International recruitment into the NHS will be governed by the new UK points-based immigration system rather than the trade deal, but there are implications for the workforce, as the arrangements come into force simultaneously. The new immigration system makes it relatively straightforward for most professionals to come to work in the UK via the Health and Care Worker Visa. However, for a number of social care roles, it will become more difficult to meet the criteria for immigration. With 112,000 unfilled posts in adult social care according to Skills for Care, and ever-increasing demand for services, this is a major concern.

The TCA was positive for reciprocal healthcare rights for patients. For UK citizens in the EU, and vice versa, the deal agrees not only a continuation of free emergency care via the European Health Insurance Card, but also allows people who need pre-planned treatment to access care. This provision also means the NHS does not have to implement 27 new processes for recovering cost for treating patients visiting from each EU member state.

Wider areas of co-operation
In terms of medical research, the TCA states the UK will join the Horizon Europe research programme, which will spend €85 billion over seven years. This means British scientists can continue to participate in EU-wide research and testing of new treatments and that patients can benefit as soon as they are available. The UK and EU have also agreed to facilitate movement of researchers with as few barriers as possible, including a new UK global talent visa.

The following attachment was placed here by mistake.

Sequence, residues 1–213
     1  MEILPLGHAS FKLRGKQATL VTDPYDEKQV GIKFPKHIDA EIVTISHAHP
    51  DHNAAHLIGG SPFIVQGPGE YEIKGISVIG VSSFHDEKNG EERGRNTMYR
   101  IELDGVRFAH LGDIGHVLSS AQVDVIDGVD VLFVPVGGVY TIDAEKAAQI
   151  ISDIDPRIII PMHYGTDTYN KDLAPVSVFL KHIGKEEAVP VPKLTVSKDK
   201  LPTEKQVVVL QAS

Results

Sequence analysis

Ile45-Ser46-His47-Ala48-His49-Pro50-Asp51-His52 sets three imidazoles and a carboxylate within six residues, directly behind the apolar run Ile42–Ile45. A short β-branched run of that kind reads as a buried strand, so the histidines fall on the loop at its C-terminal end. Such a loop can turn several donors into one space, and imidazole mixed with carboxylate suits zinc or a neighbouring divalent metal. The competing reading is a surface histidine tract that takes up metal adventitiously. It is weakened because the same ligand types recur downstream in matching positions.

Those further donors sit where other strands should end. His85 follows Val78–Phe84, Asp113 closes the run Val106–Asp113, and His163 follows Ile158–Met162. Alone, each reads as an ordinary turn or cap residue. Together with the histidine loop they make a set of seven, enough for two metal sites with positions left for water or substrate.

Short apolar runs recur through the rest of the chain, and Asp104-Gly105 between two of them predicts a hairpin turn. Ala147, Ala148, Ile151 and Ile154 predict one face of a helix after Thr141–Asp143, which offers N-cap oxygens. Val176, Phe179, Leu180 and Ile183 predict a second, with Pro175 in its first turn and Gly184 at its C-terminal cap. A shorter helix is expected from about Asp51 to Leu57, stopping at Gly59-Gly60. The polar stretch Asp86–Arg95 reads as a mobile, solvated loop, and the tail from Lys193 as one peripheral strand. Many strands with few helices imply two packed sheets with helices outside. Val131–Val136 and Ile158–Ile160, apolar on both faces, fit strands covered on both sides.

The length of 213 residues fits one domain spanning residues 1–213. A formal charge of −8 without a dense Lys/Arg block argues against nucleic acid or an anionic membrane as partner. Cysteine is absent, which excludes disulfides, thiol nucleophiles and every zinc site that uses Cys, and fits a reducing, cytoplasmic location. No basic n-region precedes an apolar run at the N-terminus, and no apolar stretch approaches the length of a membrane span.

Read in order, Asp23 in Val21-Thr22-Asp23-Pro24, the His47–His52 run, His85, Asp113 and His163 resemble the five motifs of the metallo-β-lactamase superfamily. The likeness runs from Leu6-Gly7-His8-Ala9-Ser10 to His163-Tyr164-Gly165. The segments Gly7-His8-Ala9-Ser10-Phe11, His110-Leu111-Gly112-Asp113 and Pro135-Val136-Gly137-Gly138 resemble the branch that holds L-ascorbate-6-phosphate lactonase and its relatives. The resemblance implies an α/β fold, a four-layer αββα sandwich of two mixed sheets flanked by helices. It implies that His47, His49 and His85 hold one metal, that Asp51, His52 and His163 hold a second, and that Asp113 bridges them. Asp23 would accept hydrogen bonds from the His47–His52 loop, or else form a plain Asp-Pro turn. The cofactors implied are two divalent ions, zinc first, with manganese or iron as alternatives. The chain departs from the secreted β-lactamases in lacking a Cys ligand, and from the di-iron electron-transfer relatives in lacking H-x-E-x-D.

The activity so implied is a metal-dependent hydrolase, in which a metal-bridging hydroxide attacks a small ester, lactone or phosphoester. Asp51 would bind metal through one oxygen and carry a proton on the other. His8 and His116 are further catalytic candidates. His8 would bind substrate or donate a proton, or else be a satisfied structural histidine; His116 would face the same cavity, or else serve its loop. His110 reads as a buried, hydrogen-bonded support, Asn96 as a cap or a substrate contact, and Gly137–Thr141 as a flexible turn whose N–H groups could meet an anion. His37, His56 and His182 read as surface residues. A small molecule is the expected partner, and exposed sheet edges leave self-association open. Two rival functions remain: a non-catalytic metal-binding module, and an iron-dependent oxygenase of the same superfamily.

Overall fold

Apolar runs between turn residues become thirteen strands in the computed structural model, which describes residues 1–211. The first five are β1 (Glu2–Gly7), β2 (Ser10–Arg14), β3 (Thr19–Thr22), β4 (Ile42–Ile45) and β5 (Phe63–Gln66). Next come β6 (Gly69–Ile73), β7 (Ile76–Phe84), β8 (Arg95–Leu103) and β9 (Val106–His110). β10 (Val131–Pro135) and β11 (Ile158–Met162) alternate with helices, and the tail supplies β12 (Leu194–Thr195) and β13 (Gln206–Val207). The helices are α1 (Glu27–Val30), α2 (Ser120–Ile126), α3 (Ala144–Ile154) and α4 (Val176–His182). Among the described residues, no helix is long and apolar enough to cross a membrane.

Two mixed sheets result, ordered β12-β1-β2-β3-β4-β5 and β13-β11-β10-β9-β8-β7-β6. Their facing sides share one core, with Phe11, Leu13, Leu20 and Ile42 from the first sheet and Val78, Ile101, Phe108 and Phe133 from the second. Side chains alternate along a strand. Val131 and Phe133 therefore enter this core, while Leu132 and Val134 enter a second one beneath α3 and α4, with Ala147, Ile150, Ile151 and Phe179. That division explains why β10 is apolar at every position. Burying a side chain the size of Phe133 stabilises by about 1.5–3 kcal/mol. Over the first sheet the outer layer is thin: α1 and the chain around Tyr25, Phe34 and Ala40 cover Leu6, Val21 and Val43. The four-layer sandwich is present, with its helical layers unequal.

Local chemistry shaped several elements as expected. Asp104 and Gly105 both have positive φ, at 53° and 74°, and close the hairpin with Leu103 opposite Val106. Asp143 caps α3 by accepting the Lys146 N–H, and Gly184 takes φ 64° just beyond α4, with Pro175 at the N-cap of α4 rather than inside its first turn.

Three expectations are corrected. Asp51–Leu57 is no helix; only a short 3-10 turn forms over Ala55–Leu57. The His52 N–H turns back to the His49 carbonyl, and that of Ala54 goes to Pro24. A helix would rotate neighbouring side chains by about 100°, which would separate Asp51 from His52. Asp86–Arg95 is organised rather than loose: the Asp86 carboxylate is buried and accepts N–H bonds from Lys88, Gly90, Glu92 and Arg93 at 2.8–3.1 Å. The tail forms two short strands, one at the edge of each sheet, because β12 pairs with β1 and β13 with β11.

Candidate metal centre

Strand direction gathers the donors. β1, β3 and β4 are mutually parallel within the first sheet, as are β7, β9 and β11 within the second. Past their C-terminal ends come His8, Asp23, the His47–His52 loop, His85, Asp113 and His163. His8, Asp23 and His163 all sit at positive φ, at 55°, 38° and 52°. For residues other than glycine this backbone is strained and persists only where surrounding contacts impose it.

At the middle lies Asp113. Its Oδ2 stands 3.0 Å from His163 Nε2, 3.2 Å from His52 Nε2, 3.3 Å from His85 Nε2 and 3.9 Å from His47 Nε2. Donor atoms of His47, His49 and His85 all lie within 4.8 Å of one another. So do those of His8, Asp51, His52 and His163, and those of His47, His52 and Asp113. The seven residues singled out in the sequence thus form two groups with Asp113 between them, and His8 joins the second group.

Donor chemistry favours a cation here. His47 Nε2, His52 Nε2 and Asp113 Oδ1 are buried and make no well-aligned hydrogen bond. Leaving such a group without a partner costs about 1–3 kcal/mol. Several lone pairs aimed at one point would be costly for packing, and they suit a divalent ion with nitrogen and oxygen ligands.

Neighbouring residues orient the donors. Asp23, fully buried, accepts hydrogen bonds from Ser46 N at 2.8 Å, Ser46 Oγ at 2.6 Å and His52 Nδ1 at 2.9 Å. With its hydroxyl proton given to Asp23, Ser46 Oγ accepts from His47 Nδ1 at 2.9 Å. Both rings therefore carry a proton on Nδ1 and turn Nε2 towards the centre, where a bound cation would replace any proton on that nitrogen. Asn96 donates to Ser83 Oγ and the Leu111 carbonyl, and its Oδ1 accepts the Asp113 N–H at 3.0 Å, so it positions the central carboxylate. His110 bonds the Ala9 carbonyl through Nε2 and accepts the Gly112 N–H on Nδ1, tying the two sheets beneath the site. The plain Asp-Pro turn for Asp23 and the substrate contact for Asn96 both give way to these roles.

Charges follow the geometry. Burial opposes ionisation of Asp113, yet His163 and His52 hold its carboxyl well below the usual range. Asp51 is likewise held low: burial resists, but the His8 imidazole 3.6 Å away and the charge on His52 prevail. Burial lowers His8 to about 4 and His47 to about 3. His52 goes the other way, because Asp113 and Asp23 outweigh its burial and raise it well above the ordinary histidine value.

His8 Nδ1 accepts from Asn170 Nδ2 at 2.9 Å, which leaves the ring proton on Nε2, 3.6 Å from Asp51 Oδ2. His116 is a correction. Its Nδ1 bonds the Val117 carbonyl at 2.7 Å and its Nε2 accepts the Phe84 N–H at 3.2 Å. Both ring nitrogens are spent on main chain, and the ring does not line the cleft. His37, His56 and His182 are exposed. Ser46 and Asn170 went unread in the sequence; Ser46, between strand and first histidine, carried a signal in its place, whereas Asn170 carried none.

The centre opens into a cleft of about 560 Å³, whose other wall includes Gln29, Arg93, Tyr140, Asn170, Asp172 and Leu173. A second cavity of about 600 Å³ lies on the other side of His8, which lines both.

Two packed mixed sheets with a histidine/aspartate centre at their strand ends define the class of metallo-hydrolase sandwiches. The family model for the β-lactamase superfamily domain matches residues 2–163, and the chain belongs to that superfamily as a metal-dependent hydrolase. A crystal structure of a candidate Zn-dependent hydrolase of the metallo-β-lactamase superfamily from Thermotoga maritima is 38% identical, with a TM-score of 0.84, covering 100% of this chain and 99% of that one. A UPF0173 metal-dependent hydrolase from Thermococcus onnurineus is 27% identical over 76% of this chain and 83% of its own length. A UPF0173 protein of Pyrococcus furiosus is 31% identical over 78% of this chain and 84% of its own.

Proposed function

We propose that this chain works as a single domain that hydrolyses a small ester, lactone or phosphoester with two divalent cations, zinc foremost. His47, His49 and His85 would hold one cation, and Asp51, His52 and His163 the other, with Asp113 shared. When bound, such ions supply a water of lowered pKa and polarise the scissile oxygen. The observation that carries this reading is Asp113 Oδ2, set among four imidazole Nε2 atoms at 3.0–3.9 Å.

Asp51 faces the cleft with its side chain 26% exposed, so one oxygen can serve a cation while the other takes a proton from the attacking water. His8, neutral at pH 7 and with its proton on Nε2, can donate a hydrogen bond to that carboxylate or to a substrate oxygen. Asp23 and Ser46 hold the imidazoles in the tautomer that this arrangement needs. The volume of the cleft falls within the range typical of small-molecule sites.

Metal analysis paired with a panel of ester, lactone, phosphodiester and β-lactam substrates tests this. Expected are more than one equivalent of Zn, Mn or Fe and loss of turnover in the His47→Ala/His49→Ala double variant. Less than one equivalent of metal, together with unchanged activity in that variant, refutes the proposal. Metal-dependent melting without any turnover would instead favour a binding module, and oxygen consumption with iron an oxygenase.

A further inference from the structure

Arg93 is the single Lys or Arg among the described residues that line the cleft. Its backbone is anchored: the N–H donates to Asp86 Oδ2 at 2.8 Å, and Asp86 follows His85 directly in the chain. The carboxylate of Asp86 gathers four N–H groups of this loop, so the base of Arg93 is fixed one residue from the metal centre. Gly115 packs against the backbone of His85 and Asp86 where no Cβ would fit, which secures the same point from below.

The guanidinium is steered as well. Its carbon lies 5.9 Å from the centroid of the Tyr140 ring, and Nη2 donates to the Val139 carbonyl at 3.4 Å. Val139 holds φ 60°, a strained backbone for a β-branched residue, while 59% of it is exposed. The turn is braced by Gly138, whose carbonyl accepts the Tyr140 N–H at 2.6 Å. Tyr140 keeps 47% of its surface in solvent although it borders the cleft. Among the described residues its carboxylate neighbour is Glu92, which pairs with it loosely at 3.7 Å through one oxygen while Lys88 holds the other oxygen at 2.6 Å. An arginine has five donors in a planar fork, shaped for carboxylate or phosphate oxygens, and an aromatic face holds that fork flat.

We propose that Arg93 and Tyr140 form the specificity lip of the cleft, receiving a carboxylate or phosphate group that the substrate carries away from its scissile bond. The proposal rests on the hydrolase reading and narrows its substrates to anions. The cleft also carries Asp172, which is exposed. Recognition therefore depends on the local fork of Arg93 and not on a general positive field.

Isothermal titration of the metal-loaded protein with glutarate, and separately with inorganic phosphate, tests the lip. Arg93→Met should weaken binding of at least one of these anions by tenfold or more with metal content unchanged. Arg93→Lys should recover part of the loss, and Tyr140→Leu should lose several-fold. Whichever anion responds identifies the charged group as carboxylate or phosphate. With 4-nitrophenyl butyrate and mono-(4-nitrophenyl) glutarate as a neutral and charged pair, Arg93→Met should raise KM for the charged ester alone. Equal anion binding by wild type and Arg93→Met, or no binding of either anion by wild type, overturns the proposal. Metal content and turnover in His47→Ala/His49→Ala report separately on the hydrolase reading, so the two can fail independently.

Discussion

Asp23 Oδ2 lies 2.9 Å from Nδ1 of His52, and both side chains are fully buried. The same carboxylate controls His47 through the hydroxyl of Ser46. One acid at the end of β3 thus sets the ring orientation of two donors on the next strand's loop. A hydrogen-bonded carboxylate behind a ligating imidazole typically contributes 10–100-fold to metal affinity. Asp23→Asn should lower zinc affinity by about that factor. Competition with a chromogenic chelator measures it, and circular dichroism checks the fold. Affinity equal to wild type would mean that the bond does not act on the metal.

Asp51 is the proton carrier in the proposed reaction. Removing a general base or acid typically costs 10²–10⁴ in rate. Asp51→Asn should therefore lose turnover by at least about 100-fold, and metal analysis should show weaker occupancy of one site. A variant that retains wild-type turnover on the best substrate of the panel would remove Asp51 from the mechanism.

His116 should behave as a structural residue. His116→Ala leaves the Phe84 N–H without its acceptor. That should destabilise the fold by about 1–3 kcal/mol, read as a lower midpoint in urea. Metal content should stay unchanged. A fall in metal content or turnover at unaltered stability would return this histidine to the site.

Although co-operation on health security will largely end as the UK will no longer be a member of the European Centre for Disease Prevention and Control, it will be able to request access to the Early Warning Response system database for exchanging intelligence, to tackle “serious health threats” comparable to Covid-19.

What is next?
The TCA’s full impact on the health sector will not be immediately apparent. This is largely because of the unilateral decisions by the UK to ‘phase in’ changes over the next few years.

Mostly notably, the UK’s Border Operating Model is not yet fully implemented. Some customs formalities will be brought in gradually up to July 2021. As a result, although contingency measures, such as stockpiling, appear robust, the risk of supply-chain disruption remains. This is particularly important for the Dover-Calais route, through which three-quarters of medicine imports enter the UK.

More ‘behind the scenes’, various regulatory changes relating to medical products will be introduced over time. This includes a phased process for implementing medicines regulation in Northern Ireland up to December 2021; the UK’s unilateral agreement to continue to accept batch testing conducted in the EU until 1 January 2023; and recognition of CE marks for devices for two-and-a-half years. This allows companies more time to prepare for new arrangements.

Last, but not least, a final agreement on data has not yet been reached. This requires an EU decision to confirm that the UK data protection regime is ‘adequate’ to allow personal data to flow from the EU to the UK. In its place, the deal temporarily agrees to allow continued transfers for up to six months. If there is no agreement in that time, alternative transfer mechanisms will need to be put in place for personal data to continue to flow for medical care and research purposes.

For health, the deal sets out only a template for our future relationship with the EU. We now need to agree our future priorities for collaboration and alignment with the bloc. The TCA proposes no fewer than 19 specialised committees and four working groups through which to do this. The relationship is likely to shift and be shaped over the next five years until the next official scheduled review of the deal.

Ilse Bosch